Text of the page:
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Prime Minister Sheikh Hasina today unveiled
the government work plan to overcome the possible COVID-19 impact on the
country’s economy, declaring an allocation of Taka 72,750 crore under a set
of stimulus packages.
“Earlier I declared a Tk 5,000 crore (emergency) incentive package for
paying salaries and allowances of export-oriented industries workers and
employees and today I am announcing four fresh financial stimulus packages of
Tk 67,750 crore,” she said.
In a nationwide televised address from her official Ganabhaban residence
this morning, the premier said with the fresh allocations, the total amount
of financial assistance would stand at Tk 72,750 crore, which is nearly 2.52
percent of GDP.
“I hope our economy will rebound and we could reach near the desired
economic growth, if the stimulus packages, the previous and the fresh ones,
could be quickly implemented,” she said.
The premier said the government simultaneously took four programmes under
the work plan to be implemented in phases categorized as “immediate, short
“The four programmes are: increasing public expenditure, formulating a
stimulus package, widening social safety net coverage and increasing monetary
supply,” she said.
Highlighting the key aspects of the four new packages, the premier said
the first of the four packages involved Taka 30,000 crore, to be provided to
affected industries and service sector organizations as working capital
through banks as low-interest loan.
She said the commercial banks would provide the amount as loans from their
own funds to concerned industries and enterprises on the basis of bank-client
“The interest rate of this lending facility will be 9 percent, and the
concerned industries and business organisations will pay 4.50 percent
interest, meaning half of the interest of that loan, while the government
would pay remaining half to banks as subsidy,” she said.
Sheikh Hasina said under the second package, small and medium enterprises
(SMEs) including cottage industries would get Taka 20,000 crore as working
She said a mechanism would be devised to reach the amount to the SMEs as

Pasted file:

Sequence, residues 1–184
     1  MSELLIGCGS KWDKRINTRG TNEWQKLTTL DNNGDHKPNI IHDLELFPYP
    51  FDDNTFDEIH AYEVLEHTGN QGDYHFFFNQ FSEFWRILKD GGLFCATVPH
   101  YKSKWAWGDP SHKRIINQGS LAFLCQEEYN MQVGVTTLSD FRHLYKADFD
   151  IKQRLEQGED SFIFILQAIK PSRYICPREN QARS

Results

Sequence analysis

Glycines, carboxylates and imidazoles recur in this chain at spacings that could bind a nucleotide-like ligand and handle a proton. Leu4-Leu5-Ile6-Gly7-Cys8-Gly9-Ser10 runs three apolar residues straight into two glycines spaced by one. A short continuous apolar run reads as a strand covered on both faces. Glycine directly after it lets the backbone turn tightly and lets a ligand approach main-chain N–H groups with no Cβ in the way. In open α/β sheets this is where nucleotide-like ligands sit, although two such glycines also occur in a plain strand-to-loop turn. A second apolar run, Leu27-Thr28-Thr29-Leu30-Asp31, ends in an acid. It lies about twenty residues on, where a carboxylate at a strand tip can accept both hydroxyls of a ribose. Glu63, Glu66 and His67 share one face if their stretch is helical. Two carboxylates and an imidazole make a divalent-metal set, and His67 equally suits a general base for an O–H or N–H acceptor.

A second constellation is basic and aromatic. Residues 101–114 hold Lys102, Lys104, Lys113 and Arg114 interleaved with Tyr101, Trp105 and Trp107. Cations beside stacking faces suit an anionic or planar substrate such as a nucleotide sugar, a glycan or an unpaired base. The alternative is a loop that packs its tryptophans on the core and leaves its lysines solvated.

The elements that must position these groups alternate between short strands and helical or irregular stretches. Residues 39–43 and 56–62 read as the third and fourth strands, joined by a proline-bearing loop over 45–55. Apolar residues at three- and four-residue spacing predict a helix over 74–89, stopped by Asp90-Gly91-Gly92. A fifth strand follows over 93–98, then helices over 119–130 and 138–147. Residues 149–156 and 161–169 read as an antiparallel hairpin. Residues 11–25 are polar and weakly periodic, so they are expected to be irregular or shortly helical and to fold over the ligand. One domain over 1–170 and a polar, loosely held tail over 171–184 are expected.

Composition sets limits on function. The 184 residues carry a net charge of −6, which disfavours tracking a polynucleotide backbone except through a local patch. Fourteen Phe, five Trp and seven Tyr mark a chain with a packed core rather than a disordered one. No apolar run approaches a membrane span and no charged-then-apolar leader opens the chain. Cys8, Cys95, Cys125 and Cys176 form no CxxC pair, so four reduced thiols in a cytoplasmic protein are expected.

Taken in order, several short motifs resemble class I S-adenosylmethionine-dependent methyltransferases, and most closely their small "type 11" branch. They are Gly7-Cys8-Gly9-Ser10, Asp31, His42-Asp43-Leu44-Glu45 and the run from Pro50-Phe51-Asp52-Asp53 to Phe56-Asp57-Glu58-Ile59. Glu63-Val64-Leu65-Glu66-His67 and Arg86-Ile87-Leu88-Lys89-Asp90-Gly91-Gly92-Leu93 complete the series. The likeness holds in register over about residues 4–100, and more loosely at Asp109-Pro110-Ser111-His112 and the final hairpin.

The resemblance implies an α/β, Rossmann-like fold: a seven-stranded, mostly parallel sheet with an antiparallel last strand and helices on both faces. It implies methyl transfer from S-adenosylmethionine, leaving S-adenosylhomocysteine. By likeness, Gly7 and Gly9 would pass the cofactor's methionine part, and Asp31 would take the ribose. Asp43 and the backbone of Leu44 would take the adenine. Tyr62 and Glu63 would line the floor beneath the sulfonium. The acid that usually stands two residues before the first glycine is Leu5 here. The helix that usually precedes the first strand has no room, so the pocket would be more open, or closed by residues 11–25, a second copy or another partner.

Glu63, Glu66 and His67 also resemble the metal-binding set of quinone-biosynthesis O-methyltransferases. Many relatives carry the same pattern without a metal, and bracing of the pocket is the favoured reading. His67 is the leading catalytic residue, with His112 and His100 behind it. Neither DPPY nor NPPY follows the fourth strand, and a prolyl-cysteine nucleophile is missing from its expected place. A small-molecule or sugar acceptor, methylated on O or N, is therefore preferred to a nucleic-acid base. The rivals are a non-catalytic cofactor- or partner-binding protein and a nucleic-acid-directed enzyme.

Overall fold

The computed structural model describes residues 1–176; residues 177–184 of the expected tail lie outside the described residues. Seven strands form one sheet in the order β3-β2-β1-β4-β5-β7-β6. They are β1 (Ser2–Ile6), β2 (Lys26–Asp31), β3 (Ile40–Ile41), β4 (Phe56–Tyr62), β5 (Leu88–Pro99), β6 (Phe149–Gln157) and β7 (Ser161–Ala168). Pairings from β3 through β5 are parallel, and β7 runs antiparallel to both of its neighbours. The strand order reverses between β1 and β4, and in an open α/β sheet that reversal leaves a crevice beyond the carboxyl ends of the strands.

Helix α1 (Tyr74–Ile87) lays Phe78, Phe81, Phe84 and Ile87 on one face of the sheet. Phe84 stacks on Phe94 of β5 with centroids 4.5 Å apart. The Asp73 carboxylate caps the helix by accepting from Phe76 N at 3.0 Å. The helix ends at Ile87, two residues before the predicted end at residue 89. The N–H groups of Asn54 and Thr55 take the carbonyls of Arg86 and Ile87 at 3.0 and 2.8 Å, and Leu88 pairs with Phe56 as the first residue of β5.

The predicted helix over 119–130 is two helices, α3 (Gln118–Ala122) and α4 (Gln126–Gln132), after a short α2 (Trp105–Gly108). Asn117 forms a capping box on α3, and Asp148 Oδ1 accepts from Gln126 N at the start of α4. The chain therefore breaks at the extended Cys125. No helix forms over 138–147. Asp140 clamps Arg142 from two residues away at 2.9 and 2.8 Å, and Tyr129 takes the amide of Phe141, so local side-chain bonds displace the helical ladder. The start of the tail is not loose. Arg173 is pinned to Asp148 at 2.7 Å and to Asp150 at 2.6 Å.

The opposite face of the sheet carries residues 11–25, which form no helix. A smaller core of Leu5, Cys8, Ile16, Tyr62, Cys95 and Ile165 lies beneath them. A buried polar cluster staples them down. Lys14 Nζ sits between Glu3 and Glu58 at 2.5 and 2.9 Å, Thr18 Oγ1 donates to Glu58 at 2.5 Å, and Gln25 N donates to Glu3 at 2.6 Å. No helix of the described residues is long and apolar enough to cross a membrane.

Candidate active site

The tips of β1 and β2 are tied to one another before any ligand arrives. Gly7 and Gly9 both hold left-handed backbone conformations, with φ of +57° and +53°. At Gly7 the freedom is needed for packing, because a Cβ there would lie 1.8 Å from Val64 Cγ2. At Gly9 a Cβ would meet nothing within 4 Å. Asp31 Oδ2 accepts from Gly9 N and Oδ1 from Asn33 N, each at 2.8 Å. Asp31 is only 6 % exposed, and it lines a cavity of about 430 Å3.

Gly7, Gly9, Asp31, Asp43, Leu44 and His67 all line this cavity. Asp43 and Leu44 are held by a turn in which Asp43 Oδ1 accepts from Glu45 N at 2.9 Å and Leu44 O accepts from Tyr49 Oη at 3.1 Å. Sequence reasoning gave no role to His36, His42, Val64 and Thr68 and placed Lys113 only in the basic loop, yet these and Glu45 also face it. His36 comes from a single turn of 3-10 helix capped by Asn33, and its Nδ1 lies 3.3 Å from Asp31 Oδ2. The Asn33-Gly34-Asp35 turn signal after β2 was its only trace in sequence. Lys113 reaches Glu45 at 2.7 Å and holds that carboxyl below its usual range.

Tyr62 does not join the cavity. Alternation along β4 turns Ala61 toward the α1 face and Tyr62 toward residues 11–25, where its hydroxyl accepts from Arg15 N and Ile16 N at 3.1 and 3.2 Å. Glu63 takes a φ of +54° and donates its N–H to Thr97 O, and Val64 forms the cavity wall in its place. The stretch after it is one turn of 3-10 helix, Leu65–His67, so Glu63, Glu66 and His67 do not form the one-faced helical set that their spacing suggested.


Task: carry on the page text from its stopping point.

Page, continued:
low-interest loans through banks which identically will disburse amounts to
the SMEs on the basis of bank-client relations while the government in this
case would bear the greater share of the interest amount.
“The interest rate of this lending facility will be 9 percent and the
concerned industries and business organisations will pay 4 percent interest
of that loan, while the government will provide the remaining 5 percent as
subsidy,” the premier said.
The fourth package, she said, was meant for enhancing Bangladesh Bank’s
Export Development Fund or EDF size from US$3.5 billion to $5billion to
facilitate raw materials imports under back-to-back LC.
The prime minister said this last package would result in adding an amount
of additional Tk 12,750 crore equivalent to $1.5 billion to the EDF while its
interest rate would simultaneously be brought down to 2 percent.
The existing EDF interest rate is 2.73 percent in line with current London
Interbank Offered Rate-LIBOR + 1.5 percent.
The prime minister said under the fourth package, the central bank will
introduce a new credit facility of Taka 5,000 crore as “Pre-shipment Credit
Refinance Scheme” and its interest would be 7 percent.
Sheikh Hasina said local products alongside the export sector would deserve
special attentions and supports to cope with the possible global and domestic
economic crisis caused by the pandemic.
“In this regard, I call upon all to boost production of local products and
raise their use,” she said.
The prime minister said as a nation the people of Bangladesh have a
wonderful strength of patience and capability to rebound fast by enduring
blows of any type.
“Nothing could suppress us as a nation which snatched the independence in
1971 in only nine months responding to the call of Father of the Nation
Bangabandhu Sheikh Mujibur Rahman and may Allah protect the world people from
this pandemic,” she said.
Finance Minister A H M Mustafa Kamal, Senior Secretary of Finance Ministry
Abdur Rouf Talukder, Bangladesh Bank (BB) Governor Fazle Kabir also spoke at
the press conference, moderated by PM’s Press Secretary Ihsanul Karim.
PM’s Principal Secretary Dr Ahmad Kaikaus and Prime Minister’s Office (PMO)
Secretary Md Tofazzel Hossain Miah were also present, among others.
Sheikh Hasina elaborated the four programmes taken to cope with the
possible economic impact on the country due to the coronavirus outbreak.
A) Increasing public expenditure: Generating employment will be basically
given priority in public expenditure while foreign tours and lavish
expenditure will be discouraged. Since the debt to GDP ratio of Bangladesh is
much less (34%), so the higher public expenditure would not create any
pressure on the macroeconomy of the country.